UK government appeals release of details on ex-Guantanamo detainee's treatment

[JURIST] British government lawyers argued Monday that two UK High Court judges acted irresponsibly when they ruled [judgment text] last month that the details of the detention of Binyam Mohamed [JURIST news archive] in Pakistan in 2002 must be released [JURIST report]. Lawyers representing Foreign Secretary David Miliband [official profile] were appealing the latest in a series of back and forth rulings on whether redacted materials regarding Mohamed's detention should be disclosed. An October interim ruling [JURIST report] by Lord Justice Thomas and Justice Lloyd Jones resulted in a redacted release, which the High Court indicated it would revisit after receiving submissions from both the Foreign & Commonwealth Office (FCO) [official website] and Mohamed. In handing down its most recent decision ordering disclosure, Thomas and Jones said that in making public details of a detainee's treatment, "we were not in the judgment 'giving away the intelligence secrets of a foreign country' or making public 'American secrets.'" Both justices were critical of Milliband's efforts to keep the information classified [BBC report], noting that the US had already released similar information on the treatment of Abu Zubayah. The appeal is being heard [Guardian report] by Lord Judge, Lord Neuberger, and Sir Anthony May.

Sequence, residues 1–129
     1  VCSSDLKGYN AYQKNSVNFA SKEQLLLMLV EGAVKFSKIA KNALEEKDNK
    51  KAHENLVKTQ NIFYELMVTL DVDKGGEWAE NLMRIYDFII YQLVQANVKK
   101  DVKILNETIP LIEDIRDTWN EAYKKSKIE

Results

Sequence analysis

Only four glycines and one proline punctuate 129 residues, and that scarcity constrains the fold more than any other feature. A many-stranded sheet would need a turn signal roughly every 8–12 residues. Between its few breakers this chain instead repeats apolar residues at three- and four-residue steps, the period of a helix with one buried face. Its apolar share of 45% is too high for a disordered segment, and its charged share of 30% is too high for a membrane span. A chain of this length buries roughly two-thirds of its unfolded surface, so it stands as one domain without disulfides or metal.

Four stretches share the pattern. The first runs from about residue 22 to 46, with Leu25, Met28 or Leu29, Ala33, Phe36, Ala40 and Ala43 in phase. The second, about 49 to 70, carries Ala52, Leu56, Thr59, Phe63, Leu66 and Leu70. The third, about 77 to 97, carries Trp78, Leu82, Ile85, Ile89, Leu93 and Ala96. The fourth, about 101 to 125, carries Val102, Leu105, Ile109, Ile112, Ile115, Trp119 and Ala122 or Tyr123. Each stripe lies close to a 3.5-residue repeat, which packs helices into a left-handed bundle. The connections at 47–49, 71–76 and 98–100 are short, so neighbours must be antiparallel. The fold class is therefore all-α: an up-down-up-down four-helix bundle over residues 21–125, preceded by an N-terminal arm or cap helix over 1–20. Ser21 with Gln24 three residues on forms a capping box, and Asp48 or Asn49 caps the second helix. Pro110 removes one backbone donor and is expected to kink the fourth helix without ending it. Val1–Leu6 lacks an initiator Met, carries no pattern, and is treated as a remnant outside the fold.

Also last month, a separate judge on the High Court ruled that, in Mohamed's separate suit for damages, information relating to his treatment at Guantanamo Bay may be withheld [JURIST report] under a "closed material procedure." Mohamed was returned to the UK in February, after charges against him were dismissed in October 2008 [JURIST reports]. Mohamed had been held at Guantanamo Bay for four years, on suspicion of conspiracy to commit terrorism [JURIST report].



 

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